Greg's Reviews > Angel

Angel by Elizabeth Taylor
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May 11, 12

bookshelves: girls-girls-girls, fiction
Read from May 06 to 10, 2012

In my feeble attempt to raise the dismal 11% of books read by authors of the fairer sex to a more politically sensitive number this is the fourth book in a row I've read by a woman. I hadn't heard of Elizabeth Taylor (the novelist) until just a couple of months ago when New York Review of Books re-issued two of her novels, this one and another one. Because NYRB make their books look so pleasing I was immediately interested in checking her out. On some recent AIFAF I came across a copy of Angel in a previous edition, that is also aesthetically nice, so I purchased it and now I read it.

I don't know much about Elizabeth Taylor (novelist). She's sort of a mid-century British novelist. This novel is 'nice', in a very genteel way. I mean that in a positive way. It's the kind of novel that you think of as a well-written novel, there is nothing that is really flashy going on, but it's quite enjoyable.

The basis of the novel is following the life of author who writes an absurdly comical romance novel at the age of fifteen, and becomes a best-selling author writing more absurdly comical novels that Edwardian England gobbles up, the lower classes relishing in the ornate descriptions and risque situations of the the rich and powerful, and the more intelligent readers enjoying the absurdities and high-flautin verbosity the ambling authoress ascribes to pages with no regard, or perhaps one would dare to utter in a snickering breath while salaciously slandering the successful scribe at a salon with having an elementary lack of any depth or wit of understanding about the tropes and topics she has taken to put to typeset in her tomes. Angel, the main character in the story, is a humorless sort, who writes novels about the way she thinks the world is, her first being the way she sees Lords and Ladies living in opulent homes, while she lives in a slum. She sees her first novel and subsequent ones as being gravely serious, and is so pig-headed that she won't hear that the world isn't the way she thinks it is.

This is the story of a delusional tyrant. It's quite fun.

If Angel were alive today she would probably be self-publishing barely edited novels and populating message boards complaining about the possibility that someone was going to illegally download her novel, steal a pittance of royalties in between trolling review sites like goodreads to attack reviewers who point out how awful her books are. Or she would be one of those wunder-authors that come out of nowhere and sell a bazillion copies even though their stuff is barely readable dreck. Forgive me, but I kept thinking EL James while reading this, although I have no idea if EL James is a delusional tyrant, or writing novels filled with gross inaccuracies and nonsense. But both owe their financial success to titillating 'the common folk'.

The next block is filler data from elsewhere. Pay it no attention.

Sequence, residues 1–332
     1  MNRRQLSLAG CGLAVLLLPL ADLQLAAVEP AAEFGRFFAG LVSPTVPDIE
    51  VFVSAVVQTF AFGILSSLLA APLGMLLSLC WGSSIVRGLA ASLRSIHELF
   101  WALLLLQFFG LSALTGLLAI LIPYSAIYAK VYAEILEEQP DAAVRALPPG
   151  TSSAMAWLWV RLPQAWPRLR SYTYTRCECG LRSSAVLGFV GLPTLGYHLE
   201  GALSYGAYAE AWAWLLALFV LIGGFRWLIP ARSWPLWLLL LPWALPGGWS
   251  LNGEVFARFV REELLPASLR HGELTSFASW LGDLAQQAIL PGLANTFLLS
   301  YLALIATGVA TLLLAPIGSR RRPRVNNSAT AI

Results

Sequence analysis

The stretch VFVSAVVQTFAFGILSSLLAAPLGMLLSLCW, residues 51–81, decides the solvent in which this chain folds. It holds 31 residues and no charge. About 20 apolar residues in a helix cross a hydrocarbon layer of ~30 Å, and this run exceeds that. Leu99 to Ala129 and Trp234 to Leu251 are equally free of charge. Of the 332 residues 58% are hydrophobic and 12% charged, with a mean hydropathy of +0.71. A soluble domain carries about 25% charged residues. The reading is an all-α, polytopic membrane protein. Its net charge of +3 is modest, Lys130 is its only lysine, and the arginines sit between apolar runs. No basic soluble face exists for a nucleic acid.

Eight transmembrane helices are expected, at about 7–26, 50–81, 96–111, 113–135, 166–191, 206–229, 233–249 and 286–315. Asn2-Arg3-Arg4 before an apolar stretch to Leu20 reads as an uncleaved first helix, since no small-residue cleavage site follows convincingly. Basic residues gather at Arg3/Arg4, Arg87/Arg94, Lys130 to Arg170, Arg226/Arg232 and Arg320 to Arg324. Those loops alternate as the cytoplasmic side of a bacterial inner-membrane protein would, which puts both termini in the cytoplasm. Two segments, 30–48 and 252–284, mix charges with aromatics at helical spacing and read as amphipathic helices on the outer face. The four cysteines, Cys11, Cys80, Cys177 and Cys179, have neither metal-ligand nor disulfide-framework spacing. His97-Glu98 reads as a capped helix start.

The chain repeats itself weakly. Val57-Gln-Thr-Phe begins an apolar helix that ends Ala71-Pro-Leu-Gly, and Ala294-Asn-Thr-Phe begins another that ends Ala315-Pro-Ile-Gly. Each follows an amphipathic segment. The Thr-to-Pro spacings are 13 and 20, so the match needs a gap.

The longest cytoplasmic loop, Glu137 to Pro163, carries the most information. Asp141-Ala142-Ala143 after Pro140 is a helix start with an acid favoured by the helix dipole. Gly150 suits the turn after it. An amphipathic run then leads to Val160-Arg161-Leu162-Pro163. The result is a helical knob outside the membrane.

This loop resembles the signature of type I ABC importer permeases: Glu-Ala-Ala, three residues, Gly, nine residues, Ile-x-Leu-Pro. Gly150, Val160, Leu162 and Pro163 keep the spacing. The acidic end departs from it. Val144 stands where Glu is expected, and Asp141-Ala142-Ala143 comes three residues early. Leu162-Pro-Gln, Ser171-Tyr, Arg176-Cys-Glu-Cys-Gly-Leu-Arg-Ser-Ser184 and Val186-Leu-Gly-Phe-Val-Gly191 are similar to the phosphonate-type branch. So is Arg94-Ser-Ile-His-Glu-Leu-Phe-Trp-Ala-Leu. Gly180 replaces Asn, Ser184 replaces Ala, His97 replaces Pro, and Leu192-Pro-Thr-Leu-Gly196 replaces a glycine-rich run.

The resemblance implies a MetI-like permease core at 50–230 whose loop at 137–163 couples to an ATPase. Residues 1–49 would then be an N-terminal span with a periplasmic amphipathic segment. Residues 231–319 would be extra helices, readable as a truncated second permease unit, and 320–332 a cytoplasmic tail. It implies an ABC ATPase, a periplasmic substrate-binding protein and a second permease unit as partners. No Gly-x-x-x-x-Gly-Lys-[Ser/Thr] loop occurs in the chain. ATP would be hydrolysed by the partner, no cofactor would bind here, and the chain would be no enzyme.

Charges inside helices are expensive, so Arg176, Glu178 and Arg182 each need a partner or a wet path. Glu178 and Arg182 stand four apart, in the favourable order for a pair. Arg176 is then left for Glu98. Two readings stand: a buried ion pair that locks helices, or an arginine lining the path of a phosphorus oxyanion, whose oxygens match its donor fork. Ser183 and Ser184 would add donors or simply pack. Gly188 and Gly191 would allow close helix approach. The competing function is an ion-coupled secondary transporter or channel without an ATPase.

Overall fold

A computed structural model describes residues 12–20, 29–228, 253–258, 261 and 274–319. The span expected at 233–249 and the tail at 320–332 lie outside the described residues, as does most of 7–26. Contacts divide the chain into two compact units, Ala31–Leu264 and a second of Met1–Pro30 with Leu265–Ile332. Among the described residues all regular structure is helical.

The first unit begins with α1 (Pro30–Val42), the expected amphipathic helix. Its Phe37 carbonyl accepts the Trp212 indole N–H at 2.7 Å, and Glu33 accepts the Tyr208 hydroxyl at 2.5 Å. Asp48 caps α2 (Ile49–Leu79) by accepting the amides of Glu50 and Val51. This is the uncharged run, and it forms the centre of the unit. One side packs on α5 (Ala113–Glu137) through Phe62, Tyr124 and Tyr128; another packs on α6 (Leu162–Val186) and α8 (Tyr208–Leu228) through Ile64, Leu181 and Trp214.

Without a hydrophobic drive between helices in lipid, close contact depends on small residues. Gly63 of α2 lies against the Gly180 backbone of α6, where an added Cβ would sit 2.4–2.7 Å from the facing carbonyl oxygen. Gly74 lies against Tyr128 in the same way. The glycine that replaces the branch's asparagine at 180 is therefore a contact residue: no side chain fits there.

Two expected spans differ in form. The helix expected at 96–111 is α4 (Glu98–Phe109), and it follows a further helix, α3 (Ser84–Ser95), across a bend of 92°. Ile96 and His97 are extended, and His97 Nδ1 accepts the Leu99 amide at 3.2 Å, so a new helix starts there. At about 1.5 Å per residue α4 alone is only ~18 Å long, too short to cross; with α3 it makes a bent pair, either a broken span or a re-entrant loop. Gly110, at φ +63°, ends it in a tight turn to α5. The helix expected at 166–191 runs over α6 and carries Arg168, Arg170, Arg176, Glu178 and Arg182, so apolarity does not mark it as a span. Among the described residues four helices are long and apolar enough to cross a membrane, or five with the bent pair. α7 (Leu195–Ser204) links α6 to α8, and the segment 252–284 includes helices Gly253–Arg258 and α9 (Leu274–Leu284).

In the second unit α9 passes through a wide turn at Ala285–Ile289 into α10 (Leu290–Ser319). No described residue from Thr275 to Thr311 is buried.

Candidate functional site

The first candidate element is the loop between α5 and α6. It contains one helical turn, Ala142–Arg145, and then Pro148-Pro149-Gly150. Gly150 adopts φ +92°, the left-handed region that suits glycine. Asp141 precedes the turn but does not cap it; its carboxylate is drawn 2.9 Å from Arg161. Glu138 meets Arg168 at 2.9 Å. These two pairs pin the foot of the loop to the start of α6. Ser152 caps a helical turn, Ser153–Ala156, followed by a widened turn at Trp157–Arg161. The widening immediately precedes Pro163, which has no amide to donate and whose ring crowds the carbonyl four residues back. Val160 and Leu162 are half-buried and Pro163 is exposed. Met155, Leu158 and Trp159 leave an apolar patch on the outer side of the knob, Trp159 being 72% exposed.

I'm curious to read some more of Elizabeth Taylor (novelist). She sort of reminded me of Dawn Powell, but maybe it was just because they are both roughly writing in the same time (I think, I could be wrong about this, but who needs facts), about artist / author types and with a very crisp clean no-flash style that is a pleasure to read.

I have one more lady author book to finish up before giving all my attention to a guy author who has written what is being called possibly the best book written in the past ten years and by blurbs is promising to be DFW, Gaddis and Pynchon wrapped up with The Wire, and with praise like that I've just got to see if it lives up to the hype. But from my brief foray into books by women (not that I've never read books my women before, I just don't usually think about the gender of the author when I choose books, and apparently that means that almost ninety percent of the time I'm going to pick a book by a guy) I'm starting to think that women are fairly brutal in their representation of female characters. I'm probably just extrapolating but with this book and the Muriel Sparks book I read (and even Dare Me to some degree), there's not so much go-girl! enthusiasm as here is a fairly close look at some women, warts and all and it's not going to be pretty. Not that I was expecting to have picked books that celebrate sisterhood and have women in pants traveling around saying Ya-Ya to each other, or whatever it is that certain books that look like their covers were designed by the same ad agency responsible for douche commercials have in them. I don't know what I'm actually saying, but I did manage to use the word douche in a review without referring to another reviewer or anyone else in a derogatory manner. Yay me!